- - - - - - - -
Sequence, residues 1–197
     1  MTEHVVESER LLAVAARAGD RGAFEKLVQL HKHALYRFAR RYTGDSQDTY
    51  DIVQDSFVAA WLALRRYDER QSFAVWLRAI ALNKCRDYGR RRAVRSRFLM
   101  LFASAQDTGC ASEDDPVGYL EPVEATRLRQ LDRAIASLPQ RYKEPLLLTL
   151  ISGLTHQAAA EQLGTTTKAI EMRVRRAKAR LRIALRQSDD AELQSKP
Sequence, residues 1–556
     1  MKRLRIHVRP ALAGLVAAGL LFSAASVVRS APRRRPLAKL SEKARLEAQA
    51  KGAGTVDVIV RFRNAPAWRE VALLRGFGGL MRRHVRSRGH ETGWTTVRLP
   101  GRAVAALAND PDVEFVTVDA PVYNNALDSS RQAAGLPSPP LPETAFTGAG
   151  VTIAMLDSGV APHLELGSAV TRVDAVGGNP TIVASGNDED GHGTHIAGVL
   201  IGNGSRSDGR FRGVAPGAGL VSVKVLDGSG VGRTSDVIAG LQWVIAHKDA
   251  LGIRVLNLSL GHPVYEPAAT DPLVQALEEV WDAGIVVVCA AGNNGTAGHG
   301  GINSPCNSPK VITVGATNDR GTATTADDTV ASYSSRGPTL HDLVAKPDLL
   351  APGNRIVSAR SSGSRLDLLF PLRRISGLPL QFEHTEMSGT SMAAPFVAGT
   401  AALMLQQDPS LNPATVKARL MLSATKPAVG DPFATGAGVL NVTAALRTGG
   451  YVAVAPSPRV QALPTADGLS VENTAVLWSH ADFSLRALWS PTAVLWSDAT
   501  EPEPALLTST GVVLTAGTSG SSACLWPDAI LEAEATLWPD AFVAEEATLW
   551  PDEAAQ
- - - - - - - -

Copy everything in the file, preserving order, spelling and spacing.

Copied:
Sequence, residues 1–197
     1  MTEHVVESER LLAVAARAGD RGAFEKLVQL HKHALYRFAR RYTGDSQDTY
    51  DIVQDSFVAA WLALRRYDER QSFAVWLRAI ALNKCRDYGR RRAVRSRFLM
   101  LFASAQDTGC ASEDDPVGYL EPVEATRLRQ LDRAIASLPQ RYKEPLLLTL
   151  ISGLTHQAAA EQLGTTTKAI EMRVRRAKAR LRIALRQSDD AELQSKP
Sequence, residues 1–556
     1  MKRLRIHVRP ALAGLVAAGL LFSAASVVRS APRRRPLAKL SEKARLEAQA
    51  KGAGTVDVIV RFRNAPAWRE VALLRGFGGL MRRHVRSRGH ETGWTTVRLP
   101  GRAVAALAND PDVEFVTVDA PVYNNALDSS RQAAGLPSPP LPETAFTGAG
   151  VTIAMLDSGV APHLELGSAV TRVDAVGGNP TIVASGNDED GHGTHIAGVL
   201  IGNGSRSDGR FRGVAPGAGL VSVKVLDGSG VGRTSDVIAG LQWVIAHKDA
   251  LGIRVLNLSL GHPVYEPAAT DPLVQALEEV WDAGIVVVCA AGNNGTAGHG
   301  GINSPCNSPK VITVGATNDR GTATTADDTV ASYSSRGPTL HDLVAKPDLL
   351  APGNRIVSAR SSGSRLDLLF PLRRISGLPL QFEHTEMSGT SMAAPFVAGT
   401  AALMLQQDPS LNPATVKARL MLSATKPAVG DPFATGAGVL NVTAALRTGG
   451  YVAVAPSPRV QALPTADGLS VENTAVLWSH ADFSLRALWS PTAVLWSDAT
   501  EPEPALLTST GVVLTAGTSG SSACLWPDAI LEAEATLWPD AFVAEEATLW
   551  PDEAAQ